[ W WA | SW WA and W OR | SE WA and NE OR | NE WA and N ID ]

Western Washington


523 
FXUS66 KSEW 041756
AFDSEW

Area Forecast Discussion
National Weather Service Seattle WA
900 AM PST Sun Dec 4 2016

.SYNOPSIS...Much colder air aloft will filter into Western
Washington today as a cold front over Oregon moves south. Showers
will prevail today with mountain snow tapering off by midday. The
Puget Sound convergence zone will also be active today from around
Seattle northward. A surface trough brings a mix of rain and snow
down to sea level on Monday with light snow accumulation possible,
mainly above 500 feet. By Monday evening, fraser outflow develops
with snow showers down to sea levels moving south into the greater
Puget Sound area overnight. Mostly dry and colder temperatures
prevail Tuesday and Wednesday with lows in the 20s. Precipitation
may begin as snow across the area Wednesday night or Thursday
morning as the next system arrives before switching over to rain.
Unsettled weather persists Friday into the weekend with rain and wind
at times.

&&

.SHORT TERM...The freezing level is down to near 1500 feet this
morning as cold air aloft filters south into the region. Moist
westerly flow that brought 1 to 2 feet of snow to the mountains
overnight has shifted south over Oregon and precipitation has become
showery across the area. A few inches of snow could still fall in
the Cascades today, especially where the convergence zone lingers
over King and Snohomish counties. Scattered showers in the lowlands
will be around today, possibly mixed with some wet snow this morning
but no accumulations. Sunbreaks are also likely in some areas today
with a break between systems allowing highs to warm into the 40s.

A cold upper low along the B.C. coast will slide southeast toward
the Pacific Northwest tonight bringing a near -40C cold pocket at
500 mb into the area by Monday morning. Weak surface low pressure
will close off near the north Washington coast late tonight,
bringing a surface trough into the area Monday morning. Light
southerly/southeast flow will help keep temperatures near the surface
just above freezing but the air aloft will be cold enough to bring a
mix of rain and snow showers down to sea-level. The main snow level
will be near 500 feet and any accumulations will likely be on
hilltops and away from water. Model QPF amounts suggest local
amounts of a trace to 2 inches are possible, mainly on grassy
surface during the morning. Road temperatures will be warm initially
so not much more than some slush on some roadways outside the main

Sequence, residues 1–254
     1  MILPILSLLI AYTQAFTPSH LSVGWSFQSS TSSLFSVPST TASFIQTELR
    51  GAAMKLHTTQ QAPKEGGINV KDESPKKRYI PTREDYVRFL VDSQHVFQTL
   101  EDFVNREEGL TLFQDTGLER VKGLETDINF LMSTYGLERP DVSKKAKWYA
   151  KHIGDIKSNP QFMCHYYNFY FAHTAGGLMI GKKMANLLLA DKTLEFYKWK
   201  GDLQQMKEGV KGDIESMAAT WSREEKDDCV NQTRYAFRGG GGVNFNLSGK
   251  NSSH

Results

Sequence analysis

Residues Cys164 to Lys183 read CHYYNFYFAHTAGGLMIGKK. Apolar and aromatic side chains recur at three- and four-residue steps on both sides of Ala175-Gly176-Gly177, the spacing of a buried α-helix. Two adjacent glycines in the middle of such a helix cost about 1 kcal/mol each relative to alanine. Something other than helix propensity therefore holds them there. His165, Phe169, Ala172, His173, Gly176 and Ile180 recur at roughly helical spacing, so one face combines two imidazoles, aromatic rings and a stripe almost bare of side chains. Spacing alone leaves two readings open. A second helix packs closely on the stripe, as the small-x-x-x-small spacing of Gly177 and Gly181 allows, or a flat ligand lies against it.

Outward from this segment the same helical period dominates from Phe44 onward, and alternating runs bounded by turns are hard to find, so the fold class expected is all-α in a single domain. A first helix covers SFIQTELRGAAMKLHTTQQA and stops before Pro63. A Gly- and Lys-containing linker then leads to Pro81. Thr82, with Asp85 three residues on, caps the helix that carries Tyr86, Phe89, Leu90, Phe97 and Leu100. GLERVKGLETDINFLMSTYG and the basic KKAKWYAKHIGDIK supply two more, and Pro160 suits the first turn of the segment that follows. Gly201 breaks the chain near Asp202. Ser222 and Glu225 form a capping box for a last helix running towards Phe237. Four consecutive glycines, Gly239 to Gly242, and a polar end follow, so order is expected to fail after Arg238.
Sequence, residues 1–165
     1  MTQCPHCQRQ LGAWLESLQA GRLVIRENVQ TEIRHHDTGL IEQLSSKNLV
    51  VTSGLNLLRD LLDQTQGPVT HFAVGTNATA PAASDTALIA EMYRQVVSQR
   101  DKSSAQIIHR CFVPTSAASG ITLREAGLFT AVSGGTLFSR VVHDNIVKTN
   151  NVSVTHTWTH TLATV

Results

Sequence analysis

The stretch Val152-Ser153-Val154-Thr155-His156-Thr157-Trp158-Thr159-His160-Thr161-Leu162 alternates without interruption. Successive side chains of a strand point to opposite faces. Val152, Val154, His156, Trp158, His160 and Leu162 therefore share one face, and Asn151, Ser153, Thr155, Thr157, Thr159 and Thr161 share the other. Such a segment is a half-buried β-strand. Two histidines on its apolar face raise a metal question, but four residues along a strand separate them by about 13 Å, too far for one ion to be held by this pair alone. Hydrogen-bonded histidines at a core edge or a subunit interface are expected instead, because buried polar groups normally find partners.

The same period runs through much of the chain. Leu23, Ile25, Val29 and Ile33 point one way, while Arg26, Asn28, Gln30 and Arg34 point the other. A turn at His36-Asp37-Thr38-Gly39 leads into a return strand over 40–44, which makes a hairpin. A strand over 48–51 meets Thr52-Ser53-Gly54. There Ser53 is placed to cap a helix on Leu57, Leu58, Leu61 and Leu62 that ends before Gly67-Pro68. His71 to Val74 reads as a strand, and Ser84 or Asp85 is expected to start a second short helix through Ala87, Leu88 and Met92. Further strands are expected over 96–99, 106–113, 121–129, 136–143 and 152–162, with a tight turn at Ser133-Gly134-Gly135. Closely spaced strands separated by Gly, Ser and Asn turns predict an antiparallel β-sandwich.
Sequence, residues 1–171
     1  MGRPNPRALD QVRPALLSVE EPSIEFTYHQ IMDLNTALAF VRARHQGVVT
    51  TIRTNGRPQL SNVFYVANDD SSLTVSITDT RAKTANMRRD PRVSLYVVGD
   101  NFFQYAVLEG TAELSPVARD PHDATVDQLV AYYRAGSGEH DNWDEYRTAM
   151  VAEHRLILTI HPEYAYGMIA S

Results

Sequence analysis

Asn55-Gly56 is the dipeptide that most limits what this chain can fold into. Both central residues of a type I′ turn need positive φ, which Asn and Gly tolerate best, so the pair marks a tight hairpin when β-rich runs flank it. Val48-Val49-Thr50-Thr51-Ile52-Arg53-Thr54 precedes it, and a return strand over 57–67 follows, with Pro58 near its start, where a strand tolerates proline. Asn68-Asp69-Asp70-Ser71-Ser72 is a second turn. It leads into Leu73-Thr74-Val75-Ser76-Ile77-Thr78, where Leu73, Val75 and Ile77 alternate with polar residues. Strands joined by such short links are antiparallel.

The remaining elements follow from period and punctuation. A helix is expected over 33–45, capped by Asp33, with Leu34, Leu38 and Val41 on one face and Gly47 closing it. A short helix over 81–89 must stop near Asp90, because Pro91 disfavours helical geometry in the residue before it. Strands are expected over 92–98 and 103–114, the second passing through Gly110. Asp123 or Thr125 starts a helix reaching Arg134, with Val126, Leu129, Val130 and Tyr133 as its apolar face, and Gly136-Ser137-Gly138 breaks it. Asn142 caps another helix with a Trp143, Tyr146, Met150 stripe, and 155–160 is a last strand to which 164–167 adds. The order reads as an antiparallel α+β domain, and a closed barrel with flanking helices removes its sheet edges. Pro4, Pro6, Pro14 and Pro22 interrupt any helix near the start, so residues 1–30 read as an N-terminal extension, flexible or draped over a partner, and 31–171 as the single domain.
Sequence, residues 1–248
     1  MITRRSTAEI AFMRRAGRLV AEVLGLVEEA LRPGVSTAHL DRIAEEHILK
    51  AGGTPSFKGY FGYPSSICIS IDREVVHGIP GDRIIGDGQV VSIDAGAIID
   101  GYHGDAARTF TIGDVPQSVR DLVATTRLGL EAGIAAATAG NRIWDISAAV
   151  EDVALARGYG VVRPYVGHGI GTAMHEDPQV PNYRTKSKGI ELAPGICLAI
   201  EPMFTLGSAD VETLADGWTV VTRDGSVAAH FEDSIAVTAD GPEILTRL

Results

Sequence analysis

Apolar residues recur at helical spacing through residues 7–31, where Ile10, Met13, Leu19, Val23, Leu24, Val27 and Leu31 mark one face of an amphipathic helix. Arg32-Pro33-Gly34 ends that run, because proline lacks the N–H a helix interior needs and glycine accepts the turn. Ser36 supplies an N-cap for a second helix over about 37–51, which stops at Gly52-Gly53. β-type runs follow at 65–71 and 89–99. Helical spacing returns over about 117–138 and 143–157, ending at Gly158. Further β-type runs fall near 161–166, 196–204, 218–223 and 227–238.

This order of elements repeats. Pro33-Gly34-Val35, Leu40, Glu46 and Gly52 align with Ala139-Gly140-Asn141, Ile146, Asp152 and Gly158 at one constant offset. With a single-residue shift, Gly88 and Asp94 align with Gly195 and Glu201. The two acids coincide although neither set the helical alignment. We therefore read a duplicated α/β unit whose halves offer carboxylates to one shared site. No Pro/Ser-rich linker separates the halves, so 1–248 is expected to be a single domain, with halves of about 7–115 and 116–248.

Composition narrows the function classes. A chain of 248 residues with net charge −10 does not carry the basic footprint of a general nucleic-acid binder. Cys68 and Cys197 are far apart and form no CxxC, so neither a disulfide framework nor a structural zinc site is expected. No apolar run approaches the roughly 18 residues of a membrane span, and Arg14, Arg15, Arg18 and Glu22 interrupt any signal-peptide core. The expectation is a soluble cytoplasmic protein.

urban areas is expected. The exception to this could be near hood
canal where cold air can dam up, and also over Western Snohomish
county north to Whatcom county where slightly cooler temperatures
reside and where convergence zone activity is most likely. Locally 2
inches could fall from around Everett north. A winter weather
advisory was issued for interior lowlands for Monday morning but may
need to add Whatcom county to this. 

Models have trended toward a stronger surface high settling in over
southern B.C. Monday through mid week. BLI-YWL gradient reaches -12
mb by 21z on the new 12z GFS, similar to the 00z ECMWF. This should
initiate fraser outflow, with peak gradient close to -16 mb Monday
evening. This favors bringing colder low dew point air into the
north interior by late afternoon, and filtering south into greater
Puget Sound during the evening. The 4kmWRF and other meso models are
developing a convergence band along the modified arctic outflow
boundary which could reach the Seattle area during the evening and
possibly linger from north of Tacoma to Everett through early
Tuesday morning. Showers would fall as all snow down to sea-level
and some models produce locally significant accumulations around the
north Seattle to Everett corridor. If this occurs, temperatures will
probably be in the upper 20s with icing on roadways and potential
significant impacts on the Monday evening and/or Tuesday morning
commutes. Even if precipitation does not develop, black ice will
remain a hazard during the overnight and morning hours Tuesday
through Thursday. Will need to evaluate all the latest data and
consider if the chances are high enough to warrant a watch for parts
of the metro area Monday night. 4 inches of snow are needed to meet
warning criteria so a statement may have to suffice, will decide by
the afternoon forecast issuance. Outflow could also produce several
inches of lowland accumulation over the San Juans, and also the
Strait including Port Angeles and Sequim which can get upslope
accumulation in this pattern. 

Colder and drier air will filter in Tuesday. Highs will likely stay
in the 30s and lows dip into the 20s WEdnesday morning. Forecasts
should be monitored closely over the next several days. Mercer



.LONG TERM...Previous discussion...Extended models in good agreement
on wednesday with the upper level ridge over the area. Model
solutions for Thursday remain inconsistent with the GFS bringing a
front into the area on Thursday and the leading edge of the
precipitation ahead of the front moving into the area Wednesday
night. The cold air will still be in place bring up the possibility
of the precipitation being in the form of snow later Wednesday night
into Thursday morning. Strong southwesterly winds will scour out the